Feng Shui: Revealed

Zen schmen.
For many, Feng Shui means running off to Pottery Barn to buy a “zen” fountain. Or rearranging the furniture in a direction that will bring good luck. Truth is, Feng Shui has nothing to do with luck. Feng Shui is a natural earth science, which is ultimately about how people are affected by their immediate surroundings. We live in a universe filled with different energies. Our planet rotates on its axis, creating cycles of day and night. The Earth also revolves around the sun in yearly cycles and is subject to various gravitational and magnetic fields. Our solar system is moving through space and is also subject to other forces in the universe. These physical forces and many different time cycles affect us profoundly. The Chinese have spent centuries observing the effects of these forces, and learning how to better harmonize humans with their environment. This is the science and art of Feng Shui (also called Chinese geomancy).

For love or money?
Where you live and work can have a tremendous impact on you, in both obvious and less-obvious ways. Einstein said, “Space is not just empty space, but a tightly woven fabric of time and space.” Like “astrology for architecture,” Feng Shui theories are partly based on time and space. The year / time a structure was built, in addition to its compass orientation, will indicate strong tendencies towards certain events and circumstances for the occupants who dwell in that space (more on that below). For most people, however, Feng Shui is used to increase finances or to encourage or improve romantic life. Or both.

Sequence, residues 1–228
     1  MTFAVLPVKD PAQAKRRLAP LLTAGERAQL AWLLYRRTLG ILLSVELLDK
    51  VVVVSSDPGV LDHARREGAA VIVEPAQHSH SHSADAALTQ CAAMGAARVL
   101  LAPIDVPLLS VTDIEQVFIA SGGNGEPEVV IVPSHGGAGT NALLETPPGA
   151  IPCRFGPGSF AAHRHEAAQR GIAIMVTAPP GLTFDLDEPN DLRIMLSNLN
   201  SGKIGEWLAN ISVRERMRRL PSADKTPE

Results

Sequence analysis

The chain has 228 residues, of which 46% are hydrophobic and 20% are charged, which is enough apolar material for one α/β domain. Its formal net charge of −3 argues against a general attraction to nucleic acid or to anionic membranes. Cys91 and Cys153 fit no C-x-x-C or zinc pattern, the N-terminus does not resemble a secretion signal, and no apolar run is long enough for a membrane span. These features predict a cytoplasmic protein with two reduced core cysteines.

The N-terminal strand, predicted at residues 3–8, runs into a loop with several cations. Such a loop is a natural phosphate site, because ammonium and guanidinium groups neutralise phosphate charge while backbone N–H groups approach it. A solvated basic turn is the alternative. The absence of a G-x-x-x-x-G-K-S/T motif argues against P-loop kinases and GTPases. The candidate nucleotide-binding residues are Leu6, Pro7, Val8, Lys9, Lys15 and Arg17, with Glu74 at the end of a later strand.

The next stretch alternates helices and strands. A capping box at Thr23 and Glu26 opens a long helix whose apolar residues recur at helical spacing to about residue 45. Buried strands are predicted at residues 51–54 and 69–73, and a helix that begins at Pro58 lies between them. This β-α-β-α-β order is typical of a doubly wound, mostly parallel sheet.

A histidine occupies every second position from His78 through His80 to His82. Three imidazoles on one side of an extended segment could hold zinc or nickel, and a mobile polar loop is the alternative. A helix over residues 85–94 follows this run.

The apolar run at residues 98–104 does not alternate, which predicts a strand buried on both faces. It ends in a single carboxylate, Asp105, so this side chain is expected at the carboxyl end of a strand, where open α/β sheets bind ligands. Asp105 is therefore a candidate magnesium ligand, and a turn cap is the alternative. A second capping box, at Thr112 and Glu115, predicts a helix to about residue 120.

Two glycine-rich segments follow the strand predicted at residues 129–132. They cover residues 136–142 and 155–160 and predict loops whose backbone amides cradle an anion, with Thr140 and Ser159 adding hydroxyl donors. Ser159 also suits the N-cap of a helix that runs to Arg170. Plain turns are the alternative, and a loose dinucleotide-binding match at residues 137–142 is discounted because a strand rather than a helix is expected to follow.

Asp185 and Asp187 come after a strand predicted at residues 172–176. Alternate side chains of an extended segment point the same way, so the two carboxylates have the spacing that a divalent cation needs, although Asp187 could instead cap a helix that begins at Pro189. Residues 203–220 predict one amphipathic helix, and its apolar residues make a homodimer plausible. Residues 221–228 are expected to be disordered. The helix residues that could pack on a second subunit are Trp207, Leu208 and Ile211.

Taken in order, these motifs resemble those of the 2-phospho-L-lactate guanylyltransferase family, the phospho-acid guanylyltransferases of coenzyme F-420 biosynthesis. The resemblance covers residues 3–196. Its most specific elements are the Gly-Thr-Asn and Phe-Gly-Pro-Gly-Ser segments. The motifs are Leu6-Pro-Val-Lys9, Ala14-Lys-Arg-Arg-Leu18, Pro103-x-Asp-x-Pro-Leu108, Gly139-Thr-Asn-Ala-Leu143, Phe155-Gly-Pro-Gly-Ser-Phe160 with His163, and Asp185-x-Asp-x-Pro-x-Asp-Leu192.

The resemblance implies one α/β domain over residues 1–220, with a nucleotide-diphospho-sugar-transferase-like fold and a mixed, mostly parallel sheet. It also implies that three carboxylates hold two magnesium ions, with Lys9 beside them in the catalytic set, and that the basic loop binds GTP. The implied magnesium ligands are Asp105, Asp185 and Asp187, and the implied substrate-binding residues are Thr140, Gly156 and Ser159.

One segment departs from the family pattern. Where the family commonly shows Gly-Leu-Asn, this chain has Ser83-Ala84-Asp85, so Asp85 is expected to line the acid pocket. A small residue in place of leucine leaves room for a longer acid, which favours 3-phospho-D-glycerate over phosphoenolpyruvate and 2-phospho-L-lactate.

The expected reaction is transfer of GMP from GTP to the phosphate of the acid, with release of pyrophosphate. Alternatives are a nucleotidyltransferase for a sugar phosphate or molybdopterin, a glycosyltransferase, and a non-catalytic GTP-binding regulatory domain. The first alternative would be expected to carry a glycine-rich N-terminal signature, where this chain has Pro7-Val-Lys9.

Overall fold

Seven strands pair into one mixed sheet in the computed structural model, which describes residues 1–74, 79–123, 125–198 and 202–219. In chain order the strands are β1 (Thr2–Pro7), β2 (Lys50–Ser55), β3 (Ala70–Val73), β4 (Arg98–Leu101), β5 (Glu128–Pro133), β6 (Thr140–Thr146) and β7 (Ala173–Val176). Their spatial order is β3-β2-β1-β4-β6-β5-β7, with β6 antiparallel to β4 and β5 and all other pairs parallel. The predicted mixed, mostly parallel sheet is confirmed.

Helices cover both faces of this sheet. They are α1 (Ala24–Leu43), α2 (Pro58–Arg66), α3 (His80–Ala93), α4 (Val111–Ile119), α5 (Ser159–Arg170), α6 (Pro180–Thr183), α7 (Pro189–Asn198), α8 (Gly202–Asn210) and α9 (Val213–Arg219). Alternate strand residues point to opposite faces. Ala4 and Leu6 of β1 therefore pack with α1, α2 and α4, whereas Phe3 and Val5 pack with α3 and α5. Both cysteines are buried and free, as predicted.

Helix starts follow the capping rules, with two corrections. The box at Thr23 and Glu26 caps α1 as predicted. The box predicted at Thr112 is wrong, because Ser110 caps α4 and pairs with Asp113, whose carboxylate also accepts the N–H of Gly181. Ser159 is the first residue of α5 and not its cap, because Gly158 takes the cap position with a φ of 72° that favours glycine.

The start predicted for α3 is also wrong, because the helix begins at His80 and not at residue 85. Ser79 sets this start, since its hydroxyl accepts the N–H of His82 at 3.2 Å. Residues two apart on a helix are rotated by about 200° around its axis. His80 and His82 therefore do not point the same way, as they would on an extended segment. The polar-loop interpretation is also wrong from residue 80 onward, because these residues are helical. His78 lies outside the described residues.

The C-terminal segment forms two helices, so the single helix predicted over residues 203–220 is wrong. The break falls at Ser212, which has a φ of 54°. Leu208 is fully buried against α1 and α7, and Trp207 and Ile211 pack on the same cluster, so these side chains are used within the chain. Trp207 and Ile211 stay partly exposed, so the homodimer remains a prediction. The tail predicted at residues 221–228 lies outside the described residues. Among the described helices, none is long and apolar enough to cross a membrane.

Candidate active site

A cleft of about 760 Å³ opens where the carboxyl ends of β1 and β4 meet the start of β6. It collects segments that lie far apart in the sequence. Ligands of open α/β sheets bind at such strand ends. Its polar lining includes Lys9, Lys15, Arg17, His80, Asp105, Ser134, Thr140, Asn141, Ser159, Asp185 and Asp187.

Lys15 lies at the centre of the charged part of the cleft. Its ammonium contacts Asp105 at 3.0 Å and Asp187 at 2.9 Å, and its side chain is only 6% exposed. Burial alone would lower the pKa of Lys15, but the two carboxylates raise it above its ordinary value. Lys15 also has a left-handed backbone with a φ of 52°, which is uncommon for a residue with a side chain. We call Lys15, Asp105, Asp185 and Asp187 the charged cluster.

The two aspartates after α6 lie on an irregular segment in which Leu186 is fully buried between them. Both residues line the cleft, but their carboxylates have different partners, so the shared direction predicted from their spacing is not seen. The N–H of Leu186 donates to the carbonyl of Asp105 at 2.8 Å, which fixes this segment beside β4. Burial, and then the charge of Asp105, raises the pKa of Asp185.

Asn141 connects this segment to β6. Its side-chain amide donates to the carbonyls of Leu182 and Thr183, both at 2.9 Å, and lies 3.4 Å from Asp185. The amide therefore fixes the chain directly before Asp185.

Is your house outgoing? Introverted?
This may surprise you, but like people, houses, too have personalities. And, like people, some homes are inherently good and supportive, while others are not. Some house types may be undermining to the health, relationships, and even finances of the occupants. But rest assured, help is on the way. With Feng Shui. Problem areas can be corrected. And in many instances, negative potential found in the home can be avoided. (It should be noted that Feng Shui can be useful in evaluating an existing property or at any stage of building design).

Achieving Direction: The Traditional Compass Method
The Traditional Compass Method (also known as The Flying Star or Shyun Kung School) is a highly accurate way to diagnose a building. It uses calculations based on when a structure was built in combination with its compass orientation. It allows practitioners to use the five elements —wood, fire, earth, metal and water —in the most sophisticated ways. It is crucial to know not only where the negative and positive areas of a building are, but also when their influence will be most active. No other school of Feng Shui addresses this aspect of timing. It explains why people and businesses flourish for a certain period of time, then encounter misfortune later while still inhabiting the same building. Please note that the Traditional Compass Method accommodates any interior design aesthetic. To achieve direction in your home or business, direct your energy to Linda Clark, Feng Shui Master by clicking here.